Category Archives: fall/autumn

A hard day on a hard week (Monday thanks)

pear chocolate nutmeg muffin

It’s been a big week. Count me among the devastated. But the list of things bringing me quiet solace right now feels a mile long: the perfume of the thorny olive blossoms; lingering woodsmoke in my hair and my clothes; these aching blue skies; cold nights under goose down; my first efforts at fermenting milk kefir; stolen minutes (sometimes seconds) with my book; a fridge cleanout; this trusty soup and a half dozen friends around my table; the smell of the woods as the leaf mulch thickens and begins to decay; my fierce toddler and my tender 7-year old and our Twister mat spread wide in front of the fireplace; our inherited barn cat, half feral in the year we’ve been here, now ready for ear scratches; pulling another bag of July blueberries from the freezer for pancakes; naps. Not my own, alas. But my hilarious, determined, curious, headstrong daughter…maaaaan, the girl is non-stop. (I say it like Leslie Odom Jr. so I don’t forget to laugh!)

There was an afternoon last week when we stopped at the bay, just for a minute, just to see it was still there, just to remember to breathe. I parked at the end of the road and kept both hands on the wheel. I remember the tide was quite high. Both kids begged to get out and play, and I want to be the mom who forgets her to-do list and says yes to that, and I think I am that mom really, but this was a hard day on a hard week and I was aching for an hour where no one needed anything. So instead we went home, and my daughter napped, and I pulled The Homemade Kitchen from the shelf, because what I needed was a promise that if we keep sitting down to eat and listening while we chew, then things will be okay. Alana is very good at that sort of reminder. I randomly opened to her words about the peace she finds alone in a quiet morning kitchen, and I thought, I want that. I read her master muffin recipe and thought, I want those! And then I remembered that I make a pretty mean muffin myself, a muffin that has seen me through some other hard times, so I made those instead. I found a sad pear in the crisper, pretty bruised from a day (or maybe two) in the snack bag and with a bite already taken out of it. Perfect. I grabbed some chocolate chips, I grabbed the nutmeg, I got to work.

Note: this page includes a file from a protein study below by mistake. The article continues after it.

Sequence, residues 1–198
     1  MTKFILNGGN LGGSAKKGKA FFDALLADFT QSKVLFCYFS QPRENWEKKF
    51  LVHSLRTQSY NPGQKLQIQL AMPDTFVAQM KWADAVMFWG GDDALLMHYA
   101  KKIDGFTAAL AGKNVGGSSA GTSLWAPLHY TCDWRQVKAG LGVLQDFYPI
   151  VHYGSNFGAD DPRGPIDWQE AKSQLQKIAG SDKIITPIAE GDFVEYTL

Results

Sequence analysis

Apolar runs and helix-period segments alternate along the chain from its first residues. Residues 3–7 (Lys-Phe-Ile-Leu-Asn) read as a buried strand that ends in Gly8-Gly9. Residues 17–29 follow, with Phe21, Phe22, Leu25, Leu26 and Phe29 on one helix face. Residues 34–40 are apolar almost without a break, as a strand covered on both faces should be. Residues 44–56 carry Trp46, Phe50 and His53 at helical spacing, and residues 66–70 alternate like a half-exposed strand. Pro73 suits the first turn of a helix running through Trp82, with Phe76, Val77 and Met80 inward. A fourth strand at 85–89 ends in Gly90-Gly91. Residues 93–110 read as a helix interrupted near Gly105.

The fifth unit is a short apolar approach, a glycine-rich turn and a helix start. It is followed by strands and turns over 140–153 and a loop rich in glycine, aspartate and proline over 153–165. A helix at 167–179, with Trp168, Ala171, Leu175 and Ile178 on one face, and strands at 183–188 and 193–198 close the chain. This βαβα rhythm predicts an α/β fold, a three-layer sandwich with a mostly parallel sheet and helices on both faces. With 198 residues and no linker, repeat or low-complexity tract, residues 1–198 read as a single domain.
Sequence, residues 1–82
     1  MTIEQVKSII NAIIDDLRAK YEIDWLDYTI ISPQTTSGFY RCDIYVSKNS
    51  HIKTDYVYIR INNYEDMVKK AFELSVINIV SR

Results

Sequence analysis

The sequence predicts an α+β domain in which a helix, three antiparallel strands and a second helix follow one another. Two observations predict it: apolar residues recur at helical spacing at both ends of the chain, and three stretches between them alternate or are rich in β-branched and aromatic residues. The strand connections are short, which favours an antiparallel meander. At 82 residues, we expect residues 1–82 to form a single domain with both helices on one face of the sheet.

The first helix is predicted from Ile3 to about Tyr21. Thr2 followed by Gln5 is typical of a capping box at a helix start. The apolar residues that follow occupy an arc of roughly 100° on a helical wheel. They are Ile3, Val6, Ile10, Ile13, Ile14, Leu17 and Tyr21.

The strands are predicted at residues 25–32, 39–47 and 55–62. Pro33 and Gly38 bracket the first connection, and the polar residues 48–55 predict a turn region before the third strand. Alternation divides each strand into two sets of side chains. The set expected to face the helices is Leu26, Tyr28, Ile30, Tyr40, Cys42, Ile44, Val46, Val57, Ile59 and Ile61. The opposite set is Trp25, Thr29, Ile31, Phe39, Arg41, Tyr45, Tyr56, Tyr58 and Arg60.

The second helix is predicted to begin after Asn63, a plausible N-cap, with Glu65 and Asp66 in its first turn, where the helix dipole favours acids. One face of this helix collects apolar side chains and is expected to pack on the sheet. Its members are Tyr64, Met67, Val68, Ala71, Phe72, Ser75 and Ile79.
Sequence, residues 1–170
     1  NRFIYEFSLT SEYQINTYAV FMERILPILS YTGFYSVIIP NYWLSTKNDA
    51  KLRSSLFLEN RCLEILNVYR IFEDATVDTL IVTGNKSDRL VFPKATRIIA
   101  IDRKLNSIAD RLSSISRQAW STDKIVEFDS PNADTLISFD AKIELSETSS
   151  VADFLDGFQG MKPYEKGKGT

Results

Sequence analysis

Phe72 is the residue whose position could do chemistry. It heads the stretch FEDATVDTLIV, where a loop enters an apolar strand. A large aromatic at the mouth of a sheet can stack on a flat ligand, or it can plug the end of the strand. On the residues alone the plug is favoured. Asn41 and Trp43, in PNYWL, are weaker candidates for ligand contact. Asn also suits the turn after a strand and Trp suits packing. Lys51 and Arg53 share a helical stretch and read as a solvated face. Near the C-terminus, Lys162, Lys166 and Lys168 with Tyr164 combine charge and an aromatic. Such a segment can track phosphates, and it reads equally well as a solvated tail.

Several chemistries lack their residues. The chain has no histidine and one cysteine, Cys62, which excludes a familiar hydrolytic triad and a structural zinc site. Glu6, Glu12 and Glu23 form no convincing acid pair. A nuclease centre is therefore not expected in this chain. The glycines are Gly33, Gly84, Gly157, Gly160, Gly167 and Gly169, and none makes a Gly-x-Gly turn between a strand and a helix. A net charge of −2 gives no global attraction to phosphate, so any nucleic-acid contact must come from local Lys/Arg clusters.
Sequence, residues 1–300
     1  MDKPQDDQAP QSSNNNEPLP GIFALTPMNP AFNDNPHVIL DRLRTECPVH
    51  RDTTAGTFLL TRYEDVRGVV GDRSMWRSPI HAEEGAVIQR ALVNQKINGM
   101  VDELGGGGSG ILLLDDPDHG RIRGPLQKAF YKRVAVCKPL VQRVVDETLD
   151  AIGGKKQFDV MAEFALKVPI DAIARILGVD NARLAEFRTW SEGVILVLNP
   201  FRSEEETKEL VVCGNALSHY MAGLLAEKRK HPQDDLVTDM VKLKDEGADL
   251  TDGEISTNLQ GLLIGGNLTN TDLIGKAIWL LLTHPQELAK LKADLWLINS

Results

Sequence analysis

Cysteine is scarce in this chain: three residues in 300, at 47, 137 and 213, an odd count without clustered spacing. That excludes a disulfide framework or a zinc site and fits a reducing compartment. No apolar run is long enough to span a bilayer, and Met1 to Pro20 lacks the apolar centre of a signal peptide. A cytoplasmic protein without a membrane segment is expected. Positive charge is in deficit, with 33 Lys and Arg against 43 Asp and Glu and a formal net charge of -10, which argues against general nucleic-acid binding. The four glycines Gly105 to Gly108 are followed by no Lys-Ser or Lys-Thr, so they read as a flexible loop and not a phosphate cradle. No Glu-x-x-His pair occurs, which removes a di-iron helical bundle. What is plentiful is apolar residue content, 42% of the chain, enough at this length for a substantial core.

It’s not enough, the down comforters and the woodsmoke and the muffins. But it’s how I’m getting through the week. And while I measure and stir, somewhere underneath, I am figuring out what to do next.

Monday thanks, or, I can certainly raise my glass to that.

early autumn window sill

I spent almost a month in the Midwest and Pacific Northwest in late August and early September. It was a wild and wonderful trip, full of tasty food and even tastier conversations with people I have been wanting to hug in person for years and years, and Big Thoughts about the value of a less filtered life. Thoughts for another post!

When I was in Portland I discovered I had packed for late summer on the wrong coast. I had to buy two pairs of jeans and some shoes that were not sandals and I was thoroughly convinced it was time to dig up our hats and scarves and bake a lot of gingerbread. Then we flew home and sweated our way right through baggage claim and I thought, oh right; technically we’re south of the Mason-Dixon line and I guess (sigh) those woolens can hibernate a little longer yet.

But fall has found us at last, even here, and last Tuesday morning I sipped my second cup of coffee and flipped the calendar. November is here. On Saturday my son turned seven (!!). Tomorrow I am crowding into the voting booth with both kids. Later in the month one of my oldest friends will turn into our driveway and my kids will leap on her before she is even unbuckled because they adore this person who, after my beloved cousin, is the closest thing they have to an aunt on this coast. Together we will eat turkey and butternut something-or-the-other and cranberry sauce (this is the one; I’ve stopped searching now), and the next day we will have leftovers on good bread for lunch (either that or this turkey pho, which I haven’t made in a few years but which is really terrific) and we will absolutely crack open some porters and watch the new Gilmore Girls. A little over a month later she is moving all the way to Colorado. People seem to love it there and I wish the same ease and satisfaction in my friend’s fresh start, but I’d be lying to say I don’t also feel bereft. Colorado is much further away than her current home in the Hudson Valley.